Ask Big Jon: Common Questions -- Straightforward Answers

Q: I am just learning about food plots, and I have a question. It seems to me that the more seed I put out on my plot, the more plants I’ll have growing there, and so the more forage the deer will have. That would be a good thing, correct?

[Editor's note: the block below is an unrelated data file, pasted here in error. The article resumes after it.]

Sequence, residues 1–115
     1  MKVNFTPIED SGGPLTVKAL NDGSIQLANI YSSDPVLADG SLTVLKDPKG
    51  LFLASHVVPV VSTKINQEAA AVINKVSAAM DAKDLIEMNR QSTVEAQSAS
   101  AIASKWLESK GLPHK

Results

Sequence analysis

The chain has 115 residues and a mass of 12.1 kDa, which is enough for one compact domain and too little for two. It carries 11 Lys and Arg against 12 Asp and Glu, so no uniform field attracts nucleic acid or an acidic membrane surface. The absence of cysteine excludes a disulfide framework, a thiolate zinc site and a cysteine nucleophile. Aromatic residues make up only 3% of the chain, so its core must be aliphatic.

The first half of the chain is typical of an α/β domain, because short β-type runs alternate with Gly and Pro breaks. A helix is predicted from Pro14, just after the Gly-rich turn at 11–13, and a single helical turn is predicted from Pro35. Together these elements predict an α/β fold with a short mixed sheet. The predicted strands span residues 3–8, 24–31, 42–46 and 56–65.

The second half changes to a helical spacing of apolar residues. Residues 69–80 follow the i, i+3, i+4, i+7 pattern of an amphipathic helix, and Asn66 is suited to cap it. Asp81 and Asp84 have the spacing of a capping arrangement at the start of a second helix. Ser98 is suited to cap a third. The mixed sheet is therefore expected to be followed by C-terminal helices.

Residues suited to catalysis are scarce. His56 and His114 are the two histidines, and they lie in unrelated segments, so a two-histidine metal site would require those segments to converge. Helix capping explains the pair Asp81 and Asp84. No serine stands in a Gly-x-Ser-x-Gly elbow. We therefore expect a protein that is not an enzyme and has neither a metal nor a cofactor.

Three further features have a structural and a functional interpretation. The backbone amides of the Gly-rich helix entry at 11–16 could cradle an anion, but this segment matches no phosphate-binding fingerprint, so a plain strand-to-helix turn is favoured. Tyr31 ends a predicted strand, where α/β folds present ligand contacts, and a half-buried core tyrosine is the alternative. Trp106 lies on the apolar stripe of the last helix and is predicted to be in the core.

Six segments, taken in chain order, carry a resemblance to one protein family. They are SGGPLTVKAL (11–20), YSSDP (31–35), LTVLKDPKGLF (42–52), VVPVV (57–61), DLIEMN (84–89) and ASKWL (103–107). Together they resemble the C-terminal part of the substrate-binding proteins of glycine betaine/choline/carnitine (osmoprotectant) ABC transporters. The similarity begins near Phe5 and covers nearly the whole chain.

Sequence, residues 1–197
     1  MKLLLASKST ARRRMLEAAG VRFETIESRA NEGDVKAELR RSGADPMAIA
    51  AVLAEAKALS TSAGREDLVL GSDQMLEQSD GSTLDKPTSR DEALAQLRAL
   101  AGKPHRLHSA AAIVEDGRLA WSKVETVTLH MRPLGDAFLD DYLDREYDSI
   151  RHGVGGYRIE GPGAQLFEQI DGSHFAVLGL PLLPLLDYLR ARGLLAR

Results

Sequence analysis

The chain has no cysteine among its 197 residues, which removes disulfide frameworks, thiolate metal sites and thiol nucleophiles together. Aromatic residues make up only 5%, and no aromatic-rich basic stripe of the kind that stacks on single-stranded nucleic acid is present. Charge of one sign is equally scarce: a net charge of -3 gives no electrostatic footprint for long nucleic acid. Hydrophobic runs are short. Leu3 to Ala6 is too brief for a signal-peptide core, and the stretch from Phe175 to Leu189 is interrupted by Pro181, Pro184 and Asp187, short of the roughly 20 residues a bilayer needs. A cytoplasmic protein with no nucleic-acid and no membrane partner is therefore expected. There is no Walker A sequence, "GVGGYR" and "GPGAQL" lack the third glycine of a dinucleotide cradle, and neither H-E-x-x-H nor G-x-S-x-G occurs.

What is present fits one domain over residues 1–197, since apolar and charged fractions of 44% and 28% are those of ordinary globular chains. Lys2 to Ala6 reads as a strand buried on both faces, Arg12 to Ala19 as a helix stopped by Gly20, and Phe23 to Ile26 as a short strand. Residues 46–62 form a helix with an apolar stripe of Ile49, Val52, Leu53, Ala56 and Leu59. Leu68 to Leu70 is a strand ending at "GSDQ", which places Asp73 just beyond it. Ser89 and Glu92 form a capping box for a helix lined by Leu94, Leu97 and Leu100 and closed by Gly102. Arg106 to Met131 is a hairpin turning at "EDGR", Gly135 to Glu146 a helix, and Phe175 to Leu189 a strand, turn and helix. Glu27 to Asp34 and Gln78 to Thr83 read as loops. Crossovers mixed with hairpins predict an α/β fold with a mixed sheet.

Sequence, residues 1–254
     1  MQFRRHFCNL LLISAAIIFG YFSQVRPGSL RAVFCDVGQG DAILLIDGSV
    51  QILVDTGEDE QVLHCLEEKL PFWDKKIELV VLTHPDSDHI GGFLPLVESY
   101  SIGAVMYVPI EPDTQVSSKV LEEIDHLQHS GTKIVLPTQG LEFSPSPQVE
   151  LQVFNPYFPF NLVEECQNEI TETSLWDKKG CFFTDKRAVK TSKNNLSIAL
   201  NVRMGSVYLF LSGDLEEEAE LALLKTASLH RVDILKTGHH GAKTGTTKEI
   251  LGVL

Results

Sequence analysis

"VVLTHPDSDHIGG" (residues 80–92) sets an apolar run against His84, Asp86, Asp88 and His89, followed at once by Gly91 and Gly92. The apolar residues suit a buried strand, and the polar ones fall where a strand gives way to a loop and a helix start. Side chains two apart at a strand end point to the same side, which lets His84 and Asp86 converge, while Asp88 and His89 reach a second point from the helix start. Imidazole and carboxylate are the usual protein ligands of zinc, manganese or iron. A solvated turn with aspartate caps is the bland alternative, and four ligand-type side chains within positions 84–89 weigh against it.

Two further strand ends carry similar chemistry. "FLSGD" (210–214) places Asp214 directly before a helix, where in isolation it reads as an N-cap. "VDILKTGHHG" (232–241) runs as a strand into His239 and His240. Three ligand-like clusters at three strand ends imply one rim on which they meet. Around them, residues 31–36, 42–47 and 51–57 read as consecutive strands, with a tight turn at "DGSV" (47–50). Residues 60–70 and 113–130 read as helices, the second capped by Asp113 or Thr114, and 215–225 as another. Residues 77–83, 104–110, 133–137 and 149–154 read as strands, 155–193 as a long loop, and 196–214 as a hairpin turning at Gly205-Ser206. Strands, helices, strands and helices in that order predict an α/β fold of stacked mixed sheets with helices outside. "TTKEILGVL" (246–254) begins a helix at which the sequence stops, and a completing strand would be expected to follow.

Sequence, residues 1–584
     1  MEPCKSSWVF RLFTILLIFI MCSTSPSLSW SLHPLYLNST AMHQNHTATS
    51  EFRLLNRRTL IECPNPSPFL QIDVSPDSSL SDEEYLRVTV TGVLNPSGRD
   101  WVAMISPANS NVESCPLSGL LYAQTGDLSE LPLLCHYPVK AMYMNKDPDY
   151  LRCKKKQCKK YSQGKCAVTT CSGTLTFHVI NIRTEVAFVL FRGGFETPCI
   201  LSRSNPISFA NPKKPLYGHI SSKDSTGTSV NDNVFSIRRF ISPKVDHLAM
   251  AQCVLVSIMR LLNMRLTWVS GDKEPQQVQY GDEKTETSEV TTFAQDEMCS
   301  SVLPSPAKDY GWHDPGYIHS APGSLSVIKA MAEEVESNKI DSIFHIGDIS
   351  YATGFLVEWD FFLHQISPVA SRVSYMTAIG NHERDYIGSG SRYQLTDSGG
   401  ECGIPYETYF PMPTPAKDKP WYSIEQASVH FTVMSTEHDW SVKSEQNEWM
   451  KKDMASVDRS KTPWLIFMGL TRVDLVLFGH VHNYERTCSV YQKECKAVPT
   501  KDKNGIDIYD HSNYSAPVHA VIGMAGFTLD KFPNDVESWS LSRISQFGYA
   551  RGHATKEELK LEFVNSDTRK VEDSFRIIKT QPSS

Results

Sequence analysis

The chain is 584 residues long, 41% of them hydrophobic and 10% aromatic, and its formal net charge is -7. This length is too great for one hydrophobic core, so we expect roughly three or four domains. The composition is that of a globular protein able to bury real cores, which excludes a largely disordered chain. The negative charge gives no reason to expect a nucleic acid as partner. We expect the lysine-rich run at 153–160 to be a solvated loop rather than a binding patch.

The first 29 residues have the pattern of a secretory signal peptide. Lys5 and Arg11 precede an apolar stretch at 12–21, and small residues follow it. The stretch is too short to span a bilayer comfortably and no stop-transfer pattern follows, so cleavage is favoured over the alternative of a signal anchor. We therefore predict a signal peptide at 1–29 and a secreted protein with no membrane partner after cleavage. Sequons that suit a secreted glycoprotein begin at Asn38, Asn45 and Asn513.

A: Great question! It’s one I hear a lot, and the answer is, “probably not — it might even REDUCE the performance of your planting!” Think about it — let’s consider just one square yard of plot. Within that area, you only have one square yard of seedbed to sustain forage plants. That’s all the room the plants you’ll be growing there will have in which to sprout, grow, and become as healthy, vigorous, and as drought, heat and cold-tolerant as they were designed to be. If you try to grow too many plants within that one square yard of seedbed, the plant roots won’t have enough room to grow as big as they otherwise might have. Smaller roots can result in LESS heat and drought tolerance, and because smaller roots can inhibit the growth of the forage plants, perhaps even LESS available forage. For optimum results, stick to the recommended seeding rates as closely as you can. Our forage blends are so efficient that with many of them it takes a very small amount of seed to plant a plot. Imperial Whitetail Clover, for example, should be planted at a rate of only eight pounds per acre, and “Chic” Magnet at as little as three pounds per acre. Obviously, these forage blends are extremely efficient, but that can make it hard to stick to the correct seeding rates and not run out of seed for the plot too quickly. Here’s a tip to help you be efficient in seeding these blends. Start by determining the size of the food plot you will be planting (e.g.: 1/10th acre, 1/2 acre, 3 acres, etc.). Next, choose the correct Imperial forage for you application based on anticipated rainfall levels, intended planting method (with our without ground tillage equipment), how heavy the soil is and the plot’s drainage characteristics. Once you decide on what forage you’ll be planting, you can look right on our website, on the front of our forage bags, or call our consultants to determine how much seed you’ll need for that plot. Once your seedbed has been prepared according to our recommendations for planting the product you have chosen, plan on planting the seed with a shoulder- type broadcast spreader if possible. Unlike other spreader types, a shoulder-carried broadcast spreader will allow you to keep your hand on the spreader bag as a constant gauge of how much seed the spreader is putting out, and how much you have left in the bag at any given time. Also, consider only putting 1/2 the amount of seed required for the plot into the spreader and trying to cover the whole plot with it. Then, put the other 1/2 of the seed in and cover the whole plot with it again, but from a different direction on the second pass. That may be the best way to ensure that you get broad, even coverage without overloading the plot with seed. Again, seeding rates for Imperial forage blends are shown right on the front of the forage bags and are also listed on our website, Our highly trained, in-house consultants are also standing by to answer your calls at (800) 688-3030, ext 2, any time between 8 a.m. — 5 p.m. Central Time, Monday through Friday.